What I’ll Remember About the Films of 1958: A Love Letter


The What I’ll Remember posts are an ongoing tradition; it’s a logbook of sorts and a way to pay tribute to the year-specific viewing I’ve done. It’s also a way of stressing that, while the Top Ten by Year list is the endgame, the process  is what counts. There are takeaways, good and bad, everywhere, and here are some of them.

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The meddlesome ultramodern house in Mon Oncle

The 1950’s, the cinematic era of theater (Auntie Mame, Gigi, The Matchmaker, Cat on a Hot Tin Roof, Bell Book & Candle, Anna Lucasta, Separate Tables)

Banner Years for: Kim Novak, Shirley Maclaine, Deborah Kerr, Tony Curtis, Charlton Heston, Burl Ives, Jeanne Moreau, Paul Newman, Dorothy Malone, Jimmy Stewart, David Niven

The sweet buffoonery of Big Deal on Madonna Street

Gert Fröbe, Burl Ives, and Lee J. Cobb are scary scary men….. (It Happened in Broad Daylight, The Big Country, Man of the West)

touch of evil

….but they have nothing (to be fair, does anybody?) on Orson Welles in Touch of Evil, whose bloated monstrous visage spills into every composition

Marlene Dietrich living every fatalistic line of dialogue as Tanya in Touch of Evil (“Your future’s all used up”, “What does it matter what you say about people”)

Two vastly underseen showbiz biopics (Too Much Too Soon and The Goddess)

Marilyn Monroe didn’t have a film released in 1958, yet Kim Stanley plays a thinly veiled version of her in the probing The Goddess. A worthy technician with none of her spark.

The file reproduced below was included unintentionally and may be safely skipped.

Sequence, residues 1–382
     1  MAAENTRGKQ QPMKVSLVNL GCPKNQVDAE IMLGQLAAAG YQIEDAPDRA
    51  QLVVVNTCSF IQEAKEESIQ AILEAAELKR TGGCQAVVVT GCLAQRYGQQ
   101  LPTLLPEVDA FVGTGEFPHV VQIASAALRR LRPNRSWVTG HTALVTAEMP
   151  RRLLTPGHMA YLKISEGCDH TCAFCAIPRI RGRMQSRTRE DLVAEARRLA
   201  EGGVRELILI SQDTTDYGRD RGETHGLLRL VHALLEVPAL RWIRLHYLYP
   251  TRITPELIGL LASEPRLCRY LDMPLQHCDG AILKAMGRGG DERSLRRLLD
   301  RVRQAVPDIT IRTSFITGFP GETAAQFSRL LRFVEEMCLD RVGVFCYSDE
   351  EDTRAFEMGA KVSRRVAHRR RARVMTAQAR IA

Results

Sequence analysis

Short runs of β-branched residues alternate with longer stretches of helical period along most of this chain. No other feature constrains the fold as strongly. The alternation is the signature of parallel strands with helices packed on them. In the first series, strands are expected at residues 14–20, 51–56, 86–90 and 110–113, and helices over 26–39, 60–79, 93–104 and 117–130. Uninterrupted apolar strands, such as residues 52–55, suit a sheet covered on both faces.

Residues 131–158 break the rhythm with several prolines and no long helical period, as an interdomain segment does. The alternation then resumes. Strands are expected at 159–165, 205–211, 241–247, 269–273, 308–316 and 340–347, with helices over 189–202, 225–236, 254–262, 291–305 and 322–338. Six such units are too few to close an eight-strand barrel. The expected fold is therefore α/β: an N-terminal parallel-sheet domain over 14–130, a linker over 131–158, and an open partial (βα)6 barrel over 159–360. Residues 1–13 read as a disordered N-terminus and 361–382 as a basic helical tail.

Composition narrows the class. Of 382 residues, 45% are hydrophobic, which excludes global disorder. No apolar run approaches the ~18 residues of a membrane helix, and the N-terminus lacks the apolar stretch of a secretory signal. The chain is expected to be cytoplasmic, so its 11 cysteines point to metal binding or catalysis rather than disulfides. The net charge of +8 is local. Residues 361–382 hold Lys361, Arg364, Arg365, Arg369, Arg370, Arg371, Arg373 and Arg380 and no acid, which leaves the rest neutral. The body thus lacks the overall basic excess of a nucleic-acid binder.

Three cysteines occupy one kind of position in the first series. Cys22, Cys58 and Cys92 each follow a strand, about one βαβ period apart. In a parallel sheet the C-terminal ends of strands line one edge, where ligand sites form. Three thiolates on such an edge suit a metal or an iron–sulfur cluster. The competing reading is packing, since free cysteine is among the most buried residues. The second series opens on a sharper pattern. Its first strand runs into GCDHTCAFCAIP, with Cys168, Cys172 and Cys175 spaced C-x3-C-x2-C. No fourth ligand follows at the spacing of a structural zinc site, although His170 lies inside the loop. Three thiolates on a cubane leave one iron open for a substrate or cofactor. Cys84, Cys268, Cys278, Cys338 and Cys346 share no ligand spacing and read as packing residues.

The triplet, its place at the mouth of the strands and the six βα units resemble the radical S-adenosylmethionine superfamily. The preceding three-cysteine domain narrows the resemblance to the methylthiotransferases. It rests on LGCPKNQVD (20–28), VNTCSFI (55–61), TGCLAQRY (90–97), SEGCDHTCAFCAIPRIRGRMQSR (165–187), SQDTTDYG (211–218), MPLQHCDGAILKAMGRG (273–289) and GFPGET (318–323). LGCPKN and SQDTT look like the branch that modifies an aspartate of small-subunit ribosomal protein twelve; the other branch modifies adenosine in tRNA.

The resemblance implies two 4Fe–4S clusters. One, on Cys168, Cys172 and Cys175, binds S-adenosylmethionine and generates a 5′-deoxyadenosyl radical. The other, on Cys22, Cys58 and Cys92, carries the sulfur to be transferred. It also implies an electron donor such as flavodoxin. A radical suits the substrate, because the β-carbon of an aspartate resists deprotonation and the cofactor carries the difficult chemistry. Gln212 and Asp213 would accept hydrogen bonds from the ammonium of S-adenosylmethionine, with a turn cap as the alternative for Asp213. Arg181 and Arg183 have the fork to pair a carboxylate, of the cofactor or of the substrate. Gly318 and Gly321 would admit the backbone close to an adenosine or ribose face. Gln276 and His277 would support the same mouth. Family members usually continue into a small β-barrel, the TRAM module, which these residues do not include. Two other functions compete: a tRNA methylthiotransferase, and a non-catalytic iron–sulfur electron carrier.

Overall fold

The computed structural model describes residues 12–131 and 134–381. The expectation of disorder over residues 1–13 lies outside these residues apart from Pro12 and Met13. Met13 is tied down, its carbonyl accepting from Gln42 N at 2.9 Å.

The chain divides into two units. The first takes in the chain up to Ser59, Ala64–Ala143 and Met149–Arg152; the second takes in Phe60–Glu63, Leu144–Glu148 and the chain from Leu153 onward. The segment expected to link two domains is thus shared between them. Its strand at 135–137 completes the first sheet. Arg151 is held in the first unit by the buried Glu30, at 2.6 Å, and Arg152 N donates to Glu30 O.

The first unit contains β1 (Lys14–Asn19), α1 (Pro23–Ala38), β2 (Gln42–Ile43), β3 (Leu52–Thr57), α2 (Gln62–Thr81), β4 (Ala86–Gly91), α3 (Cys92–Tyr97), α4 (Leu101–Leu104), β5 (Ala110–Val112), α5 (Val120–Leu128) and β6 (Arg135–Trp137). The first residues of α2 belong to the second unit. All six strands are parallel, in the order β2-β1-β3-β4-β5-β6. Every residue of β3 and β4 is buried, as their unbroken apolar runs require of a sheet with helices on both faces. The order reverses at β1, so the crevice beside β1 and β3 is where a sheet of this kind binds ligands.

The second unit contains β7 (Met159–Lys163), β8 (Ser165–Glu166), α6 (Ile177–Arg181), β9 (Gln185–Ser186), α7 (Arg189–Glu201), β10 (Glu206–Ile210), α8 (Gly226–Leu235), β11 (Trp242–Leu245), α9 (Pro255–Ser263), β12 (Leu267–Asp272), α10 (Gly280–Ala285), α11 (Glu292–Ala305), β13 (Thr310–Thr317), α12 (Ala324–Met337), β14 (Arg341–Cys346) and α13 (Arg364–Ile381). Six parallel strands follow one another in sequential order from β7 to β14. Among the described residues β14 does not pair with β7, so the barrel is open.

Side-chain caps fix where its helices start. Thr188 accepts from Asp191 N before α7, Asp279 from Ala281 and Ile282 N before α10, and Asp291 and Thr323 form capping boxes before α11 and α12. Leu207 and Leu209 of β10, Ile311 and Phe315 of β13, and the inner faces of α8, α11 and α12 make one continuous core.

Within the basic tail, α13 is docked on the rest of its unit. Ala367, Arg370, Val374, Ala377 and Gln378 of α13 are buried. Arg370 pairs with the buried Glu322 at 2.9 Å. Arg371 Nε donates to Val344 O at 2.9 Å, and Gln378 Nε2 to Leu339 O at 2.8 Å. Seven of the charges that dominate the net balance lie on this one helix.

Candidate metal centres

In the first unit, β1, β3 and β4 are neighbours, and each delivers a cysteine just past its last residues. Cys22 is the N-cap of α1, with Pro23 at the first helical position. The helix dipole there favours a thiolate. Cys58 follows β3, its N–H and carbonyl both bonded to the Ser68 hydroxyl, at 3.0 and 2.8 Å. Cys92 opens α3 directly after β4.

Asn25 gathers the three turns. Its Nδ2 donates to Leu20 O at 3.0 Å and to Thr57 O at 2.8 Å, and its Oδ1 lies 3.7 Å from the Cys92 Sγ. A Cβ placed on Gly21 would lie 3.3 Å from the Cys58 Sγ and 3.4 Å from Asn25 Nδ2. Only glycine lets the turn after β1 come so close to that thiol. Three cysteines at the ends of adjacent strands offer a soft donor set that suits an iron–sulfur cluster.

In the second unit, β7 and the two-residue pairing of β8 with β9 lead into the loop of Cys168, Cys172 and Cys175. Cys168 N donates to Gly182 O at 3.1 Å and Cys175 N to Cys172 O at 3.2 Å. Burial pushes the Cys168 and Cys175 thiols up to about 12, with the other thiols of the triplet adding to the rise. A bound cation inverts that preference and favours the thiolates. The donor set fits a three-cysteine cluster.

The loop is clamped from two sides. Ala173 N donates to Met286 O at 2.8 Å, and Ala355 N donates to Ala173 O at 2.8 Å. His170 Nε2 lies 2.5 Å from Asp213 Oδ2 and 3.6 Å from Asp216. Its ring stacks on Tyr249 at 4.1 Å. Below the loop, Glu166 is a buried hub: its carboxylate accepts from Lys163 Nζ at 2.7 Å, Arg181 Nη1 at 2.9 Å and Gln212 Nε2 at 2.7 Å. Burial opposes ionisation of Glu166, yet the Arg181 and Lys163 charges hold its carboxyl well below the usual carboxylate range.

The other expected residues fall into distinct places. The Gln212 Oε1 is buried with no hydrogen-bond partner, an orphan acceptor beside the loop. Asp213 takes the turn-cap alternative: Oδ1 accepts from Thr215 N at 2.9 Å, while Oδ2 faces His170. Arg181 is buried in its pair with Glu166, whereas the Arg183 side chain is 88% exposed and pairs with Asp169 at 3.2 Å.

Dorothy Malone
Dorothy Malone’s tattered drunken mess in the harrowing nadir moment of Too Much Too Soon

In his last film appearance, Errol Flynn playing friend John Barrymore but also in turn playing himself in Too Much Too Soon

“The stoplight was against me” (Cry Terror!)

Peter Cushing, so slick in that red velvet (Horror of Dracula)

The laidback ahead of its time eccentricity of Murder by Contract 

the music roomThe kathak dance in The Music Room

“His last words were…” (The Lineup)

Forget Christopher Lee, Carol Marsh is Horror of Dracula’s MVP

Horror goes Technicolor (The Blob, Horror of Dracula, The Fly)

Ginnie and Ms. French in the classroom accompanied by visual hierarchy (Some Came Running)

Soaked breasts; the latest weapon against censorship (Cairo Station, The Haunted Strangler)

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Confirmed suspicions that Dorothy Malone is not appreciated nearly as much as she deserves (The Tarnished Angels, Too Much Too Soon)

Starting in media res (Terror in a Texas Town)

“Haaaaaaarrrrrrrryyyyyyy!!!!” (Attack of the 50ft Woman)

Sterling Hayden with an endearingly terrible Swedish accent, bringing a harpoon to a gunfight (Terror in a Texas Town)